Archive for the ‘Industry’ Category

More Accolades for Dana

Thursday, May 7th, 2009

It seems like you can’t go more than a few days recently without having someone sing her praises. Of course, it’s all well deserved. Here at Tastingmenu, we’ve known how great Dana is for some time (even before she started writing here — in fact it’s why we wanted her to share her opinions on this site.) The latest praise is from the editor herself of Seattle Magazine. And since Dana would never post it, I will. Allison Austin Scheff writes:

“Dana Cree, the pastry chef at Poppy (and one of the Rebel Chefs from April’s Best Restaurants issue) is the thinking-diner’s pastry chef. She analyzes, tweeks, re-works (and Twitters about all of it @deensie) and all of her smarty-chef work really pays off.”

She goes on:

“The most intriguing thing I tasted was Cree’s sassafrass ice cream, made with anise hyssop and sassafrass root (plus spices). I kept taking small spoonfuls and catching intriguing tastes of this, no that. It didn’t quite taste like a rootbeer float, as our waiter had said, it was more like those little barrel-shaped rootbeer candies, with a strange, illusive heat somewhere that disappeared before you could nail exactly what it was. What a fantastic scoop of ice cream.”

And finally:

“…for a dessert that’ll make you think, that might leave you in awe or open your eyes to possibilities you might not have imagined, do yourself a favor and get to Poppy. Dana Cree’s a serious talent.”

Yay Dana! Go read the entire thing.

taking back the slight…..

Friday, March 13th, 2009

Under no circumstances will I open the number 10 can of worms that is all that we in the industry think of Yelp.

However, nearly every establishment has received reviews that are unnecessarily negative/rude/absurd. No matter how unreal untrue unbelievable they are, they eat at us. So we do the only thing we really can. We take them back, turn them into jokes, and quote them to each other in our daily routine of kitchen jokes.

A pizza joint in the bay area has done us one more. They have printed these outrageous statements on T-Shirts. At Poppy we too have joked about having T-Shirts made with our own yelp slights.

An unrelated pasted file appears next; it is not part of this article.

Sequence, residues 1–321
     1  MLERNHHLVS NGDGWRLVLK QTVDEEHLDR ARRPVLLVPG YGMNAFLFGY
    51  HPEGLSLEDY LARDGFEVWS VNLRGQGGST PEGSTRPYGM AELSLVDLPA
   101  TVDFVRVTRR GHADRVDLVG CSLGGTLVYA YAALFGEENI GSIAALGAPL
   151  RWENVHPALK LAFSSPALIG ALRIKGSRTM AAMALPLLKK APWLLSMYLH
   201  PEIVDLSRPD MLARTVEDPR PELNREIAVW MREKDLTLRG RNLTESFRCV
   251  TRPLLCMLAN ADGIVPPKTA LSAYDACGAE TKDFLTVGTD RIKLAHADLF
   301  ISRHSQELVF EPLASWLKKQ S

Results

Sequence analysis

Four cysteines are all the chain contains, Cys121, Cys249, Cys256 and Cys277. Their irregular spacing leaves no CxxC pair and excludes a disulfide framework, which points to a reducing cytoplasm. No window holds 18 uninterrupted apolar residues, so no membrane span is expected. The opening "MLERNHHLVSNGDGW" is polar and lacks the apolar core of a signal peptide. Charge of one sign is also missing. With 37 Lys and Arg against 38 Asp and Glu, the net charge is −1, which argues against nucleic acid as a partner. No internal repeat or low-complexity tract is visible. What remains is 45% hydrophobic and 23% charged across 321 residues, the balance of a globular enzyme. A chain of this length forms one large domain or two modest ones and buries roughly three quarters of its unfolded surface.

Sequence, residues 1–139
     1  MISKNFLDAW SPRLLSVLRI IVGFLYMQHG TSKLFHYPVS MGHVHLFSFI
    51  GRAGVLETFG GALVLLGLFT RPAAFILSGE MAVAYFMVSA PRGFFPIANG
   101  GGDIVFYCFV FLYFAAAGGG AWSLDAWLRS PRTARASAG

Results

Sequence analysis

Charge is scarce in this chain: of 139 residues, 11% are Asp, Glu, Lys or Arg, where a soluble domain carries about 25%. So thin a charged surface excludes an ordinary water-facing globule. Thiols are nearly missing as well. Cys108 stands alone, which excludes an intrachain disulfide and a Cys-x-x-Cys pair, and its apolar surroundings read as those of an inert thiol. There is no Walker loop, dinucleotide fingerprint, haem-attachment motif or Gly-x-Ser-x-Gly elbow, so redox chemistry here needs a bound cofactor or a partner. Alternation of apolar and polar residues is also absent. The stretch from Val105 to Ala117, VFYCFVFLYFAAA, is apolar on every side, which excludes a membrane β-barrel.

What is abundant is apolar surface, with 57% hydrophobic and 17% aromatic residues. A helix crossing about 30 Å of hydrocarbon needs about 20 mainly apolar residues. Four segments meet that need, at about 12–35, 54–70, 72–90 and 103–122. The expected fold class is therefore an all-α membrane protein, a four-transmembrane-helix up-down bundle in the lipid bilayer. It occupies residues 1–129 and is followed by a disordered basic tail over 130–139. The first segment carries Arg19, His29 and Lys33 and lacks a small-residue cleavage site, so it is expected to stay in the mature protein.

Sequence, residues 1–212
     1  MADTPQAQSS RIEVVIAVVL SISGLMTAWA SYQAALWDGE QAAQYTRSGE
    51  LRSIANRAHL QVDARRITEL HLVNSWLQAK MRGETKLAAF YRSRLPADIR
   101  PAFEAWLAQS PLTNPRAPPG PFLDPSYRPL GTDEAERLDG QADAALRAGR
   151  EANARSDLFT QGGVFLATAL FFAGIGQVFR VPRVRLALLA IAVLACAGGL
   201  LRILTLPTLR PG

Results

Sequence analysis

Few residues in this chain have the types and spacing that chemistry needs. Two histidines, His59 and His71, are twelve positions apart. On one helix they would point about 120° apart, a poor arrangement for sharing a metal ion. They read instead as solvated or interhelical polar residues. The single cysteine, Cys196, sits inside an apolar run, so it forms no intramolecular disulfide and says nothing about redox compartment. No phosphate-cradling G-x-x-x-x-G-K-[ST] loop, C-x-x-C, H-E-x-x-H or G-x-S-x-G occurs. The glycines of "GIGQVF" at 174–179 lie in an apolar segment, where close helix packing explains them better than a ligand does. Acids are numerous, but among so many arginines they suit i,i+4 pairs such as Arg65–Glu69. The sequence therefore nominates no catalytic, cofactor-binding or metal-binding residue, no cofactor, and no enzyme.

On the list…

“Poppy hates children, and Poppy hates cake.”

“I would never classify the menu as New American………EVER!”

“If Ikea and a Tootsie pop had a baby it would be Poppy”

“Poppy isn’t even seasonal (oranges in winter!)”


And on the list for Veil…..

“This is the worst asian fusion restaurant I’ve ever been to.”

“Veil is, umm, skanky.”

Diminished Aesthetics

Tuesday, January 27th, 2009

The scene at Poppy is robust. As the dining room fills, it’s cavernous nature seems to amplify the energy of the 100 plus seats we fill every night. Large floor to 25 foot ceiling windows look out onto the bustle of the north tip of capitol hill’s main drag, Broadway, allowing the twinkle of lights, the passage of traffic, and the steady flow of passer-by’s to engage the diner. It’s less than intimate, speaking over the buzz of 40 other conversations, hearing laughter flow through your space, watching servers buzz food through the dining room at a dizzying rate. But feeling the room, the people, the life, is all part of being at Poppy.

The pace in the kitchen is much the same. Varying conversations cross the kitchen between the busy cooks, buzzing around each other, laughing, hustling. It’s an energizing to say the least.  Service is a rapid stream of orders flowing in and out, tickets lining the rail from 5 to 10, plates, and the large trays that are the Thali’s a constant cover on the pass.